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International Taxation of Trust Income
Principles, Planning and Design

Part of Cambridge Tax Law Series

  • Publication planned for: June 2019
  • availability: Available
  • format: Hardback
  • isbn: 9781108492256

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About the Authors
  • In International Taxation of Trust Income, Mark Brabazon establishes the study of international taxation of trust income as a globally coherent subject. Covering the international tax settings of Australia, New Zealand, the UK, and the US, and their taxation of grantors/settlors, beneficiaries, trusts, and trust distributions, the book identifies a set of principles and corresponding tax settings that countries may apply to cross-border income derived by, through, or from a trust. It also identifies international mismatches between tax settings and purely domestic design irregularities that cause anomalous double- or non-taxation, and proposes an approach to tax design that recognises the policy functions (including anti-avoidance) of particular rules, the relative priority of different tax claims, the fiscal sovereignty of each country, and the respective roles of national laws and tax treaties. Finally, the book includes consideration of BEPS reforms, including the transparent entity clause of the OECD Model Tax Treaty.

    • Provides the first sustained analysis of international taxation of trust income as an internationally coherent subject
    • Enables international trust taxation to be studied as a topic in its own right alongside international taxation of companies and partnerships
    • Facilitates a holistic approach to tax planning, analysis and design by practitioners, scholars and administrators
    • Proposes tax design solutions to unintended double- and non-taxation
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    Reviews & endorsements

    'This original survey of how four countries have decided to tax trusts makes an interesting comparison reflecting their different choices for dealing with the same topic. The book manages to deal with the mass of conflicting methods while at the same time keeping an eye on the policy of what the countries are trying to achieve.' John Avery Jones, Former Judge of the UK Upper Tribunal

    'This book is essential reading for anyone concerned with trust taxation in an international setting. A meticulous analysis of four countries draws out the principles and policies of general importance underlying the taxation of trust income in cross-border situations. The discussion of interactions among these countries and with tax treaties reveals a myriad of issues for taxpayers and legislators alike, leading to proposals for a wide range of practical measures to achieve greater international coherence. Its lucid analysis and clear writing style make this book a pleasure to read.' Joanna Wheeler, International Bureau of Fiscal Documentation (IBFD), The Netherlands and Universiteit van Amsterdam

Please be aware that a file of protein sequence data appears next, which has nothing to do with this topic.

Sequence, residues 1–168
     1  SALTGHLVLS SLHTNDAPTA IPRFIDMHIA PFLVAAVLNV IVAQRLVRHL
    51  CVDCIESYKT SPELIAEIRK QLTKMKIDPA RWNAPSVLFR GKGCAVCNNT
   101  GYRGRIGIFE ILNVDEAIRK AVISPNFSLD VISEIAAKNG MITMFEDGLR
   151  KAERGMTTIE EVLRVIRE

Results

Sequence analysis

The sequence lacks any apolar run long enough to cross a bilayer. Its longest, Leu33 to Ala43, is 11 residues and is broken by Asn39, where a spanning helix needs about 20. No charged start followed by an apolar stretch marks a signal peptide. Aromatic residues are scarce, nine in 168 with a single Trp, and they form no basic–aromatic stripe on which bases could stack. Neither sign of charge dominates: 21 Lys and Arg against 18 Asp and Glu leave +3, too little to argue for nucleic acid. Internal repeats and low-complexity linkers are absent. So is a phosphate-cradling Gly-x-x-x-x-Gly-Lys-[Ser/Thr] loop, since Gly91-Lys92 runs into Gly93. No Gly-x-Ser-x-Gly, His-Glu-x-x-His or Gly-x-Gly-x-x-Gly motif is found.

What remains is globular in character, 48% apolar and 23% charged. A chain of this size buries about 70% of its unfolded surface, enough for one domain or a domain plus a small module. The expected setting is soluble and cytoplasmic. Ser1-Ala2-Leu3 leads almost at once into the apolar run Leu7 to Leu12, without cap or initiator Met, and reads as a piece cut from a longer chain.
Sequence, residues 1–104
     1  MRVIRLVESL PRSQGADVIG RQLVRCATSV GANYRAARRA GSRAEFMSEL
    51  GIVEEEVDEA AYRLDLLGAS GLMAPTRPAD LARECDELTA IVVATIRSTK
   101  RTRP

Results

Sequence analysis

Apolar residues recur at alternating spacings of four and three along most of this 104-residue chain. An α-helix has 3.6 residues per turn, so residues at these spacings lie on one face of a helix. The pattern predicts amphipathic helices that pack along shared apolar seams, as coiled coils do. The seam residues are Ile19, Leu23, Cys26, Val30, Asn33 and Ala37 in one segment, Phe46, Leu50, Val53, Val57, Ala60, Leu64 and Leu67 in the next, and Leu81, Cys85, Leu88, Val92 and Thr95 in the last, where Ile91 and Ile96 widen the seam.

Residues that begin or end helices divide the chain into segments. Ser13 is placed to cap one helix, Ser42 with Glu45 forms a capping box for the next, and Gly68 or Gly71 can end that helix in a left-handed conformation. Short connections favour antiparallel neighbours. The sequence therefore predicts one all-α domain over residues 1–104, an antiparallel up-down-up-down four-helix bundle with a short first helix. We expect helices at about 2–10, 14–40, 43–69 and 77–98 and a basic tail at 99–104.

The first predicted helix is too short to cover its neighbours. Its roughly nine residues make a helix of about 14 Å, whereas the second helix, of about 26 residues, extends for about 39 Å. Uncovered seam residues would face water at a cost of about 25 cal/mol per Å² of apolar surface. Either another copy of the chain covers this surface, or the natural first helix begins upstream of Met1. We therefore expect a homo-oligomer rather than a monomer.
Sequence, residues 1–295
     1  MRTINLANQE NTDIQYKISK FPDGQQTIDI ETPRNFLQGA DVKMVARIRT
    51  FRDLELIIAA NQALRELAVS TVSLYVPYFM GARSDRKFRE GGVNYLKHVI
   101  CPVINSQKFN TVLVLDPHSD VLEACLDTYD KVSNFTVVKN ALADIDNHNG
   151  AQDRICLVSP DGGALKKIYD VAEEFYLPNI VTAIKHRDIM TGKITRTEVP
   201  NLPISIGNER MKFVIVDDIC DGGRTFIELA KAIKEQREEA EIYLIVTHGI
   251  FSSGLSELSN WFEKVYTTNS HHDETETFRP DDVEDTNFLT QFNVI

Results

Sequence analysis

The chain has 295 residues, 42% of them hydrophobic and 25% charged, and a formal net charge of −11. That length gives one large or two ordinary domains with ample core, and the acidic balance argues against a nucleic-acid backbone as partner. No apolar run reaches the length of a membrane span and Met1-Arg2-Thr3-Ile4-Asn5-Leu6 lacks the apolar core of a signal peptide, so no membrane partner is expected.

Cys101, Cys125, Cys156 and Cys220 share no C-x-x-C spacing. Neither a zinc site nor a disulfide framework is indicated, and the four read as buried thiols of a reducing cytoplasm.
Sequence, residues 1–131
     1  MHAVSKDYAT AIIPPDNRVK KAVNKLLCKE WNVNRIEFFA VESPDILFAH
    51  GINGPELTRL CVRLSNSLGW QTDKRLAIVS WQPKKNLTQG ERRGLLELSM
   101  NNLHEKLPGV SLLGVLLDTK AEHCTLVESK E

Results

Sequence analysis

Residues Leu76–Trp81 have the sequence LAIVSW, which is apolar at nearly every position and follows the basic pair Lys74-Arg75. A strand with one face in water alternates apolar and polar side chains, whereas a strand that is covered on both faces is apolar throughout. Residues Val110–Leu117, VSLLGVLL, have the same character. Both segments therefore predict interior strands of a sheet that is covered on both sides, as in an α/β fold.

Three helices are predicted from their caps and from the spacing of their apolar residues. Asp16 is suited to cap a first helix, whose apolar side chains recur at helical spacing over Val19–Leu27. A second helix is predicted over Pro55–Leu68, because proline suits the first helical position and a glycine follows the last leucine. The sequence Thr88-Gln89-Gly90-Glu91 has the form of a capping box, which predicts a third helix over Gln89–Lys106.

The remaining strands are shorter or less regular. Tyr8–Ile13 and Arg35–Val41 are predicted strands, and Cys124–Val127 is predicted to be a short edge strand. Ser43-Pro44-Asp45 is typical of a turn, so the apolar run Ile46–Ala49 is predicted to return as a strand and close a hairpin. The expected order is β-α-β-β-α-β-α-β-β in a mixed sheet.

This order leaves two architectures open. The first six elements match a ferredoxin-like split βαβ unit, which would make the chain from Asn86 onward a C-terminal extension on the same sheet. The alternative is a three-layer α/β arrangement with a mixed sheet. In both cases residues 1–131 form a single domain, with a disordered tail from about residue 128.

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    Product details

    • Publication planned for: June 2019
    • format: Hardback
    • isbn: 9781108492256
    • length: 414 pages
    • dimensions: 235 x 156 x 24 mm
    • weight: 0.78kg
    • contains: 8 b/w illus. 10 tables
    • availability: Available
  • Table of Contents

    Figures
    Tables
    Preface
    Cases
    Statutes
    Other authorities
    Treaties
    Abbreviations
    Glossary
    1. Introduction
    Part I. National Tax Laws:
    2. The grantor
    3. The beneficiary
    4. The trust
    5. Distributions
    6. International taxation
    Part II. Global Taxation:
    7. The international tax order and the interaction of tax laws
    8. Treaties
    9. Conclusions and proposals – taxing the shadow
    10. Appendix: detail of beneficiary attribution and taxation 389
    Bibliography
    Index.

  • Author

    Mark Brabazon, 7 Wentworth Selborne, Sydney
    Mark Brabazon SC is an Australian barrister with over thirty-five years of experience in legal practice and a member of 7 Wentworth Selborne, Sydney. He holds a Ph.D. from the University pf Sydney and B.A. and LL.M. degrees from the University of Queensland. He advises and represents taxpayers and revenue authorities and appears as counsel in tax, equity and commercial disputes at all levels. He also chairs the Council of Law Reporting for New South Wales.

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